Changed at a stroke
Jody Mardula [above, right] was the Director of the Centre for Mindfulness Research and Practice at Bangor University when she had a subarachnoid haemorrhage. We had got to know each other just a few months before, as university colleagues, when – by extraordinary coincidence – I was setting up a research project about acquired brain injury (ABI). The research looked at the impact of mindfulness, psycho-education and individual psychotherapy interventions on self-awareness and mood in people with an ABI and severely reduced awareness of their difficulties. Jody allowed me to use the centre’s mindfulness teaching materials and we discussed how they might be adapted for people with a brain injury. We had no idea that this was the start of a much longer and more personal conversation and journey together.
The next time we met was another coincidence. I was working on the research project, seeing participants in the North Wales Brain Injury Service where I had worked as a clinician for many years. Jody was there to see one of my colleagues after her haemorrhage. I made a mistake and walked into the wrong room, the one they were using. Jody recognised me instantly, but had to tell me who she was. She looked so frail in the early days of her recovery, and I was shocked to see how much she had changed.
I started going to see Jody at home. We drank tea, talked, and laughed a lot; getting to know Jody was a total delight. There was no plan or purpose to this in the beginning, but I soon began to realise that our conversations offered a tremendous opportunity. Jody was unique. She was able to reflect so clearly on her experience and how things felt on the inside – undoubtedly aided by her long career as a psychotherapist. Relatively few people with a significant brain injury can do this, and I was captivated by her vivid descriptions.
It took a while to persuade Jody that a book about her experience could be helpful for others in the same situation. She had no idea that she was unusual, but the idea grew on us both over time. Jody would write her story, based partly on the diary she had kept, and I would add my clinical neuropsychologist’s perspective. This commentary ended up in two sections. The first describes Jody’s cognitive difficulties, and provides some advice about the management of these problems – with attention, memory, executive function and perception. The second addresses emotional adjustment following a stroke or other brain injury: loss, grief and emotional distress, self-awareness, identity, acceptance, and the needs of the family after a brain injury.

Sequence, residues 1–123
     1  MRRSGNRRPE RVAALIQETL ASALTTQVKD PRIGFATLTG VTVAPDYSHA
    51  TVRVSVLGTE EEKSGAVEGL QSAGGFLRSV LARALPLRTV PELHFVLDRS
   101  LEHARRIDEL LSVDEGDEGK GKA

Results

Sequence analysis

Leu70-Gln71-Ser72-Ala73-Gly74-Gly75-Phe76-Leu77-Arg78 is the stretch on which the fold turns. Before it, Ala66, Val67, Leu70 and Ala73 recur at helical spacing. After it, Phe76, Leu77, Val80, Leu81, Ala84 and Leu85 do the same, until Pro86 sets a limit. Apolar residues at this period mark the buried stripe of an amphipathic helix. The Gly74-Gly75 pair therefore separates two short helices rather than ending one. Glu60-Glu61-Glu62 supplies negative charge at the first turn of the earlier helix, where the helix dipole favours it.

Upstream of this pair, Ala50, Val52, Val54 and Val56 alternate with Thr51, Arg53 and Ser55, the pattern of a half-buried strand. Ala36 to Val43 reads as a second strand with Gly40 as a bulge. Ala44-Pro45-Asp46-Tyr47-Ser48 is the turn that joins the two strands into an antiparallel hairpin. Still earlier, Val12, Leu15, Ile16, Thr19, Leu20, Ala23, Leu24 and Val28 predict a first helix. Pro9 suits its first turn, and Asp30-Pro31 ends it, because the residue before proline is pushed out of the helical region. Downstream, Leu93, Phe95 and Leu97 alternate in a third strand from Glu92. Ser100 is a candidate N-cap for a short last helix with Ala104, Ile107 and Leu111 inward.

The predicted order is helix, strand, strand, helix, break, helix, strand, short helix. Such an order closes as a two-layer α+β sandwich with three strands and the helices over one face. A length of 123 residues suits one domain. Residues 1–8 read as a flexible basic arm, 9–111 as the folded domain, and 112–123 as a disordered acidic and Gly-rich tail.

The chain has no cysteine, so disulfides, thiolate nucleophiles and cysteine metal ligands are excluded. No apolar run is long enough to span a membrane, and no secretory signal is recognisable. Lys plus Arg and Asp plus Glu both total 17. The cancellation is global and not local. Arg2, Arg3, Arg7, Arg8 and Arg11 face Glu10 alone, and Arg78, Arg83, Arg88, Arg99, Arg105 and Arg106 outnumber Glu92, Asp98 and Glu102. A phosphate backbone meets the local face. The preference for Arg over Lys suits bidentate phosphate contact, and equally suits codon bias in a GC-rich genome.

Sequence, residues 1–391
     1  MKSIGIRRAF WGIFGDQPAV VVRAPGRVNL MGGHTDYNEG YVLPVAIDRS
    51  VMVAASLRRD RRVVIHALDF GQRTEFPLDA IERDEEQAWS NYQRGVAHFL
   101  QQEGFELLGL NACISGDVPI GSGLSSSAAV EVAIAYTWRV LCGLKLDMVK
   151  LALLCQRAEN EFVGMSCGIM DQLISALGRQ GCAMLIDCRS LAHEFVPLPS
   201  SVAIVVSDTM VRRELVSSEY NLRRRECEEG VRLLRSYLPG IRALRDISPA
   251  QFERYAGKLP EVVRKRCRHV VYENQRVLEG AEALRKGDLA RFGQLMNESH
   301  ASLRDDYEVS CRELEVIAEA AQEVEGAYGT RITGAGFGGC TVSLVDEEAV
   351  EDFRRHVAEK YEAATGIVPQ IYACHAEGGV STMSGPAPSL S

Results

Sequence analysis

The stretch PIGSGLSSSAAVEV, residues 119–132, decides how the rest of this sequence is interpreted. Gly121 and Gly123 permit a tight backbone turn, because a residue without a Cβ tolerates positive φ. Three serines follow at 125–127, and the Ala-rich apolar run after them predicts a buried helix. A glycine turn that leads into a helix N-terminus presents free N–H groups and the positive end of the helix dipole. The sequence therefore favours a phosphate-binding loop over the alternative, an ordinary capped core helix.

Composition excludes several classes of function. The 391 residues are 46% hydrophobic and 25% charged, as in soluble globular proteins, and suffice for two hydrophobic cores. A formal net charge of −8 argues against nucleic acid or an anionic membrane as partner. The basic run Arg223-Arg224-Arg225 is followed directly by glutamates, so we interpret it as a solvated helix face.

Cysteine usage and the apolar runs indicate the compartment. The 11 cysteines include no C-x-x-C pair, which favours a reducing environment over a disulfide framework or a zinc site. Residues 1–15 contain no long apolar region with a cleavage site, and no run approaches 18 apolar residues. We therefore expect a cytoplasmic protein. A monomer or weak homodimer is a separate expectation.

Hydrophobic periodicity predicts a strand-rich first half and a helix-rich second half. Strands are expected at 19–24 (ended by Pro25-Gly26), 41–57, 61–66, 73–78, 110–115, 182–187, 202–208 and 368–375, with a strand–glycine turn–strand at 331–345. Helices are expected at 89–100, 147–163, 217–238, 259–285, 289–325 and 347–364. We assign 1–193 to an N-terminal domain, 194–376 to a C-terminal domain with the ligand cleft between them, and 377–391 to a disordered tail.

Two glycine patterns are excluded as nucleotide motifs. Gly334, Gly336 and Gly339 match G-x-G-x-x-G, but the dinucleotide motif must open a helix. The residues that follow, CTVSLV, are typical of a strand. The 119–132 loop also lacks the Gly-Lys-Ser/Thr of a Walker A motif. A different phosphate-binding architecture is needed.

‘I am in a different land’
Jody’s story revolves around a metaphorical journey, that we often refer to as ‘Over the Rope Bridge’. At this pivotal moment, Jody realised that she had been fundamentally changed by the stroke, and there was no going back. The rope bridge hung precariously between the old familiar world, and the strange, new world of post-stroke recovery that lay ahead. ‘I am in a different land – I realise that I cannot go back – I am changed – everything around me is changed – I can only go on.’
Jody’s powerful narrative takes us up into the mountains and down again into a new world, across a plain, into dark and foreboding woodland, and then to the edge of the woods where she built a camp and stayed for several years. Each part of the journey represents a distinct phase in Jody’s recovery, and then towards the end, the diagnosis of Jody’s vascular dementia. Jody illustrates her story with pen and ink drawings, she includes poetry that resonates with her narrative, and mindfulness practices that she developed to help her cope in daily life.
The hidden nature of brain injury
Jody’s difficulties were more severe and more complex than I realised at first. In daily life at home, and later back at work, Jody struggled with things that could not have been detected by a formal neuropsychological assessment. Jody’s own awareness of her difficulties developed slowly, over several years. We were both oblivious to some of her problems when we set out on our book journey together – this so clearly illustrates the invisible, hidden nature of many aspects of a brain injury, an important theme in Jody’s story.